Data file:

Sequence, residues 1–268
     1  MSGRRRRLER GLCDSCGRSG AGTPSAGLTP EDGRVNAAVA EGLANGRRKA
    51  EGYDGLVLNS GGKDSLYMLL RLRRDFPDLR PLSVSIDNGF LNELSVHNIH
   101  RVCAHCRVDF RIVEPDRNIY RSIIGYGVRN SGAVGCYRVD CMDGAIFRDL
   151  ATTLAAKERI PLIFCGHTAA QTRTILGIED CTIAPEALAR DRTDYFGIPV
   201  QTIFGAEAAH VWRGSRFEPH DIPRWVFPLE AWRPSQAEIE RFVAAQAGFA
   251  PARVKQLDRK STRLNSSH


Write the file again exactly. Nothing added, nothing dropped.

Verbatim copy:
Sequence, residues 1–268
     1  MSGRRRRLER GLCDSCGRSG AGTPSAGLTP EDGRVNAAVA EGLANGRRKA
    51  EGYDGLVLNS GGKDSLYMLL RLRRDFPDLR PLSVSIDNGF LNELSVHNIH
   101  RVCAHCRVDF RIVEPDRNIY RSIIGYGVRN SGAVGCYRVD CMDGAIFRDL
   151  ATTLAAKERI PLIFCGHTAA QTRTILGIED CTIAPEALAR DRTDYFGIPV
   201  QTIFGAEAAH VWRGSRFEPH DIPRWVFPLE AWRPSQAEIE RFVAAQAGFA
   251  PARVKQLDRK STRLNSSH